I read Bellman & Black on the Nook, and, as sometimes happens on the Nook for me, the ending of the book came sooner than I expected. On the Nook, the book was something like 342 pages long, but as is often the case, the last several pages are acknowledgements and so on, which take up space. In a regular book, I look ahead to see when the book actually ends (careful not to read anything on those last pages!). I don't do this on the Nook, and this somehow lessens my enjoyment of the book, through no fault of the book itself, just the format.
I was lucky enough to win an Early Reviewer copy of Laurie Loewenstein's Unmentionables from librarything.com. In it, we follow Marian, who travels the country in the early 1900's as a Chautauqua speaker, as well as Deuce and his step daughter Helen, two people she meets on her circuit. Marian is speaking about women's undergarments, the unmentionables of the title, urging women to wear less confining undergarments, allowing them to live more freely. This of course is shocking talk in the early 20th century.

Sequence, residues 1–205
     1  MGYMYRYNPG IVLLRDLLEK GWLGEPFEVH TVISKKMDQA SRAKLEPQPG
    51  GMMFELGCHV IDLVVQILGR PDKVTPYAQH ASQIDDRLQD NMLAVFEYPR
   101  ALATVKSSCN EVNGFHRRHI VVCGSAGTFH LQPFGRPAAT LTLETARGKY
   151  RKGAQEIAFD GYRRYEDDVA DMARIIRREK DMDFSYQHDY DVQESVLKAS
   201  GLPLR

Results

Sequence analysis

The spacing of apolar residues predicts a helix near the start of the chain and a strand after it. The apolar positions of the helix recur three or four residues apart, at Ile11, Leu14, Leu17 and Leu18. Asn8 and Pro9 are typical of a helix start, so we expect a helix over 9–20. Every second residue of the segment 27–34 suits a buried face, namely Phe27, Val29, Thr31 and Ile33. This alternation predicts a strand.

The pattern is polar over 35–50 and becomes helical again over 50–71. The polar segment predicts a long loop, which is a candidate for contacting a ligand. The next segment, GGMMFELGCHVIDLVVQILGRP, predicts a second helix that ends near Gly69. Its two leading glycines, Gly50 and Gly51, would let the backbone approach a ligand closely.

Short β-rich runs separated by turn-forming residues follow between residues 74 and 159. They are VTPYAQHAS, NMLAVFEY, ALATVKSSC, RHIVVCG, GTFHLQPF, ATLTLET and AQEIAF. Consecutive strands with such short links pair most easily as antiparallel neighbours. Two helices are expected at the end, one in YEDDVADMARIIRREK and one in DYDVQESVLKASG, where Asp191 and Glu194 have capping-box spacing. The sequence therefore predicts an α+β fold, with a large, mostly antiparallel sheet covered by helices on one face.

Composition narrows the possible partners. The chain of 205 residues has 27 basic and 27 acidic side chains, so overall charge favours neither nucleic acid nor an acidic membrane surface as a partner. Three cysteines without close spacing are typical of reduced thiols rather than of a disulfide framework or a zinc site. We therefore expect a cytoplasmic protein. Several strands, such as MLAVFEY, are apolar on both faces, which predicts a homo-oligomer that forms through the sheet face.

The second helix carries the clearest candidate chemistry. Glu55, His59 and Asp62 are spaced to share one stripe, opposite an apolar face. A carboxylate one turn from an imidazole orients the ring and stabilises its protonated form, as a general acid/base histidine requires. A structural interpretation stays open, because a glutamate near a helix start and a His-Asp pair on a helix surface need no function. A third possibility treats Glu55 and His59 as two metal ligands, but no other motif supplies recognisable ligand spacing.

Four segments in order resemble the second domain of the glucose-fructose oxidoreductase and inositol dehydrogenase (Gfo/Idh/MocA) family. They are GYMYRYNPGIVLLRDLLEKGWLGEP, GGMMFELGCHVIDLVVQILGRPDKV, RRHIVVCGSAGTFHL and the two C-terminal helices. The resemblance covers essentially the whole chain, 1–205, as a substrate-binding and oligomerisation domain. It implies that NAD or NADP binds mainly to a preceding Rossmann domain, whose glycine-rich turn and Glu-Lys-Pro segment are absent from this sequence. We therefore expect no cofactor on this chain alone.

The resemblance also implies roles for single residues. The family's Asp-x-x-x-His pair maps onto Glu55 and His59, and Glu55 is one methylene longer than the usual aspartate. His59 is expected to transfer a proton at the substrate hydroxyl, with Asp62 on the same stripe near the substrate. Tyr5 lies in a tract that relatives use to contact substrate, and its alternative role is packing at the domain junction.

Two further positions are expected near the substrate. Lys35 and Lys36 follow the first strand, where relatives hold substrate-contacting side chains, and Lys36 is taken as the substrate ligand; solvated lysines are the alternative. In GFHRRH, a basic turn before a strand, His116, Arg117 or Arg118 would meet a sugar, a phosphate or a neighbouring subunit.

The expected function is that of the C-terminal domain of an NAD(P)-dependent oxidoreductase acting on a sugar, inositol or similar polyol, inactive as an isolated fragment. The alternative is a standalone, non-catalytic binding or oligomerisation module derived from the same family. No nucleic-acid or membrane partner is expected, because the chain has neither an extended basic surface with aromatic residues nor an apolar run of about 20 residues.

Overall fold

I was drawn in by Marian's subject matter, as well as the whole idea of the Chautauqua speaking circuit, with which I was not familiar. Loewenstein brings Emporia, Illinois to life through her portrayal of the characters and the issues they dealt with. I liked following Marian on her travels, Deuce as a small town newspaperman who has to decide whether or not to print difficult information, and Helen, a young woman longing to be part of a big city and work for women's rights.